Washington briefing: State Department’s incoming Eurasia manager opposed Genocide resolution

by Emil Sanamyan

Published: Saturday March 14, 2009

Philip Gordon.

Washington - On March 6, President Obama named Philip Gordon as the next assistant secretary of state for European and Eurasian affairs, replacing Daniel Fried.

Since 2000 Mr. Gordon has been a senior fellow at the Brookings Institution, one of the more prominent Washington think tanks.

Prior to that, Mr. Gordon was the National Security Council director for European affairs in the Clinton White House. He previously held teaching and research positions at Johns Hopkins University in Washington and at leading British, French, and German institutions.

In October 2006, Mr. Gordon co-wrote with his Brookings colleague Omer Taspinar a commentary criticizing a French legislative proposal that would criminalize denial of the Armenian Genocide.

The article also noted, "the Turkish stance on the Armenian massacres themselves is becoming an obstacle to its entry into the [European Union]," and argued, "Turks should do more to acknowledge that atrocities - however characterized - occurred."

"But these initiatives need to come from Turks themselves in a spirit of reconciliation, instead of being imposed from the outside under threat of prosecution," the Gordon-Taspinar paper concluded. "Ultimately, historians, not governments, should be the ones to decide these sensitive issues."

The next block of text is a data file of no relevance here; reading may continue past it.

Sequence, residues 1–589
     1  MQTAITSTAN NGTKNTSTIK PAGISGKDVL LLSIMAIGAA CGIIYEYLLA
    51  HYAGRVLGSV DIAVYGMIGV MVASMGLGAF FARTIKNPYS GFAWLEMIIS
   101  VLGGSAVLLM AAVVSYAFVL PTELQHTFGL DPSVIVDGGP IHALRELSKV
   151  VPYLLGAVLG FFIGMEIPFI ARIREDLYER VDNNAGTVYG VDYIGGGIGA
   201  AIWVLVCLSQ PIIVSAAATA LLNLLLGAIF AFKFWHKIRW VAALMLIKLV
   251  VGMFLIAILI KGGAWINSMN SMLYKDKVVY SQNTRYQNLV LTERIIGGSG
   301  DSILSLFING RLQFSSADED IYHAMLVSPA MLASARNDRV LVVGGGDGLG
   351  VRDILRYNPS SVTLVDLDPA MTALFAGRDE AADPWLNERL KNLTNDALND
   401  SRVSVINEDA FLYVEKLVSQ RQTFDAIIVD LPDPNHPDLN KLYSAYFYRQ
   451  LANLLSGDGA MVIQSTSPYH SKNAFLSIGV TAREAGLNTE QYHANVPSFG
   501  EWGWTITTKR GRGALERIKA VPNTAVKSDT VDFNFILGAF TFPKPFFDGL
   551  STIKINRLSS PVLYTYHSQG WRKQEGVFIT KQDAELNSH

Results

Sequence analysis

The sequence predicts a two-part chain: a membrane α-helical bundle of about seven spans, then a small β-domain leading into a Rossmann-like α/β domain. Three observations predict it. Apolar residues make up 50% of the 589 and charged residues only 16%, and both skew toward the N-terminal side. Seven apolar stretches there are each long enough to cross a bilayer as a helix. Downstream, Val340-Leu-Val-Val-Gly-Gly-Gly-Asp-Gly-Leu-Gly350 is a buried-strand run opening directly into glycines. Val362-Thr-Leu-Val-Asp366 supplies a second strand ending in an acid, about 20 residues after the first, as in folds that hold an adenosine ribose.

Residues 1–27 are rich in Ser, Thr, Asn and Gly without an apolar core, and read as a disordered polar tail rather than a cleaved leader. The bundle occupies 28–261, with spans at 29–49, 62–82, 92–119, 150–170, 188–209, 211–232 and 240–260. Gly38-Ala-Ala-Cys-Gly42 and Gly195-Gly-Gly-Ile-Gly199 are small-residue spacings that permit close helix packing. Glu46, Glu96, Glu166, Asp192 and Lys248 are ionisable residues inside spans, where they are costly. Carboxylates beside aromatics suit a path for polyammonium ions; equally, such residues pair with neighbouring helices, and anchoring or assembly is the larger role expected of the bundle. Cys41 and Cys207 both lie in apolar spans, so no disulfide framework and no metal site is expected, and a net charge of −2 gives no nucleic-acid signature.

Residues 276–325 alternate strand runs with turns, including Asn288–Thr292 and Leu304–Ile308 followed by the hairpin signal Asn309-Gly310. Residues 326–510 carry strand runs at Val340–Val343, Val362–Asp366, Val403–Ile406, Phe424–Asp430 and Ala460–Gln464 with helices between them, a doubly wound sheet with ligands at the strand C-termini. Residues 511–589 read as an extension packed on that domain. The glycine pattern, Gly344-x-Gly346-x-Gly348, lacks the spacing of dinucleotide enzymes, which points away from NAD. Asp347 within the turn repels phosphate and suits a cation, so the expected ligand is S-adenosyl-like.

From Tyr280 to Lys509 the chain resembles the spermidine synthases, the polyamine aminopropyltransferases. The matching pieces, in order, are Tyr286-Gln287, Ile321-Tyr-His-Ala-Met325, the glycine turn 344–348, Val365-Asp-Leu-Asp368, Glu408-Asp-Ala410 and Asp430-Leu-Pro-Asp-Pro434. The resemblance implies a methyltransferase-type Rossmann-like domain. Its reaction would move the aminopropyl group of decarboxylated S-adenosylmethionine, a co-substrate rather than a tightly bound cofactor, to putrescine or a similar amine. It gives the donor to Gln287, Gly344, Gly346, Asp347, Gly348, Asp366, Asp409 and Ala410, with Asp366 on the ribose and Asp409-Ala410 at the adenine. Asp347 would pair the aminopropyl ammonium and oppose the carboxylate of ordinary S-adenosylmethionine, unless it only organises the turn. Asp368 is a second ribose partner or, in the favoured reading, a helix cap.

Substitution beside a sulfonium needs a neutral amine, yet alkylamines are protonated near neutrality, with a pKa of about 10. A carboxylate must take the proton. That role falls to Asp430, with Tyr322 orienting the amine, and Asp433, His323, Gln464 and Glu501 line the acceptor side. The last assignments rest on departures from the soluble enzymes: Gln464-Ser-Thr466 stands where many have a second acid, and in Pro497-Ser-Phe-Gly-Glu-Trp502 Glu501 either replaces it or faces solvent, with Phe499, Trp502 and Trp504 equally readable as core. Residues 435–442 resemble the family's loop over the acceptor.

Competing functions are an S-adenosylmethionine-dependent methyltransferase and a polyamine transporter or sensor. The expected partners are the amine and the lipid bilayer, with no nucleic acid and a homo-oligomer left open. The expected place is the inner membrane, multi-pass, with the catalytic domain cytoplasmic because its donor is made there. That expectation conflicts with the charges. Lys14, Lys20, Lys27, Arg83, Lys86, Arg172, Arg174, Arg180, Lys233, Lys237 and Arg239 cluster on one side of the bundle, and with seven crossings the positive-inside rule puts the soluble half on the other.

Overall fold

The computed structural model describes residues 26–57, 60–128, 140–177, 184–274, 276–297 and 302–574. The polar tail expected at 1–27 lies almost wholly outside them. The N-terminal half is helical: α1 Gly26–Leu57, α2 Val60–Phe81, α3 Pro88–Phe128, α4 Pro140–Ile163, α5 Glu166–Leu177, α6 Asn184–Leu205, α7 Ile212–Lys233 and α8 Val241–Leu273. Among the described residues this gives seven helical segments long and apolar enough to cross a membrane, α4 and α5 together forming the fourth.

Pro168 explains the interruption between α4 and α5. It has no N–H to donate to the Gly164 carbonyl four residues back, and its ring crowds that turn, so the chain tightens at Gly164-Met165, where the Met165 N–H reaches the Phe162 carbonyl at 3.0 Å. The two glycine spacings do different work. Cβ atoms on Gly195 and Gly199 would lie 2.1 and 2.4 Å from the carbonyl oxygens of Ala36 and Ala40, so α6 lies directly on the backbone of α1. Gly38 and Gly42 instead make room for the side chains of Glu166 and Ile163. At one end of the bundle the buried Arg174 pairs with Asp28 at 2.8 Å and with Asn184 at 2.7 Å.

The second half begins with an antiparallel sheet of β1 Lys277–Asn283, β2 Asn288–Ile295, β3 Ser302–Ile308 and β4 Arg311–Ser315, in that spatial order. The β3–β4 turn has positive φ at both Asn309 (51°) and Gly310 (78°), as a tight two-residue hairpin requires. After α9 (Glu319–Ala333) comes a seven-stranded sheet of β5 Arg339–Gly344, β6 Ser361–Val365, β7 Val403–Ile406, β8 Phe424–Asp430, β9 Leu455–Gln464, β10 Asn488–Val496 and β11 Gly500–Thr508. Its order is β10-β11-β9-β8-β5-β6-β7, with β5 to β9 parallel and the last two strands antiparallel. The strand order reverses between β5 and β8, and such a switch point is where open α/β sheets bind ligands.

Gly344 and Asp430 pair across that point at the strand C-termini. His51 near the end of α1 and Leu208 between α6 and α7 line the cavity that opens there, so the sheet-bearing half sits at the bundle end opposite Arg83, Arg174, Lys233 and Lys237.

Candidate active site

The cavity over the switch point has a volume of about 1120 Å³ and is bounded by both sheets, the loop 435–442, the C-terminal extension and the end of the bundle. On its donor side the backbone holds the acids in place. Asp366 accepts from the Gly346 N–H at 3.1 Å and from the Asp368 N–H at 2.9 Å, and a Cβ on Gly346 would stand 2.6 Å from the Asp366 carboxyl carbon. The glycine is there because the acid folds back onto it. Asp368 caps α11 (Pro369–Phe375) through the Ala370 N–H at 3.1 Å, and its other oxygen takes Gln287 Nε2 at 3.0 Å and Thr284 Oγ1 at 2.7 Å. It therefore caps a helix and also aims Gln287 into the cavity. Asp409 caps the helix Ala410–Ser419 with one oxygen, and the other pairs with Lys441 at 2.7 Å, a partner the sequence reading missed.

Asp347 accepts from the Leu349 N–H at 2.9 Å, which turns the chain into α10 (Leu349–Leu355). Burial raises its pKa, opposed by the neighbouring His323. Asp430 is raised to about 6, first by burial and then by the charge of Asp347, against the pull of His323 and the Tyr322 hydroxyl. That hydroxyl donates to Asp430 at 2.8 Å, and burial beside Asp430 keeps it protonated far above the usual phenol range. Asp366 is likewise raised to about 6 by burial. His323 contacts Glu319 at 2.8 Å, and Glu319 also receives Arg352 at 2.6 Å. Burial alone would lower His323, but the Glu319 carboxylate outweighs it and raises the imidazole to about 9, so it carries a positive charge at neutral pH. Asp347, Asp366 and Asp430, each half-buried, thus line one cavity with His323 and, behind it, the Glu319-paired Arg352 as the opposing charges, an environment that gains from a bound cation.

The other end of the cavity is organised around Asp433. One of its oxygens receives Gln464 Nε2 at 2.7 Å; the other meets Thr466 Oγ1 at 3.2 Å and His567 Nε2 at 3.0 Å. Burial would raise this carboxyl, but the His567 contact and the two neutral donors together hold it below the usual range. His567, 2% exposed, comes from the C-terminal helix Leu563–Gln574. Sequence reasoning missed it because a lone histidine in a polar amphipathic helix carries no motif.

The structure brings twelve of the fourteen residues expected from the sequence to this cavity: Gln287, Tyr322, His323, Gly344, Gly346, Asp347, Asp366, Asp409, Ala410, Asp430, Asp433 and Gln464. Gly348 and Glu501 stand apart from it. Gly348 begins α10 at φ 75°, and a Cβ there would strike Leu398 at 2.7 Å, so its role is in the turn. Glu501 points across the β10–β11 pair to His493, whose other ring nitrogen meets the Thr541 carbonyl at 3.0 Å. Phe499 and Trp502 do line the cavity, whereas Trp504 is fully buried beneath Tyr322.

As advisor for the presidential campaign of Sen. Barack Obama, Mr. Gordon said last June that the senator's and congressional leaders' support for the Armenian Genocide resolution provided "structural conditions for [the resolution] to move forward" under an Obama administration.

Mr. Gordon was speaking at an Istanbul conference sponsored by the Turkish business chamber TUSIAD. He added, however, that "there will be the opportunity to make all the usual arguments as we head towards April, all of the old arguments that prevailed will still be true and they'll be even more true in the first year with new [administration's] relationship with Turkey."

"So I would encourage our Turkish friends to not only be prepared to fight [the resolution] as they no doubt will but to have a plan B in mind if it passes because that might well happen whatever anyone thinks of the substance of it," Mr. Gordon advised at the time.

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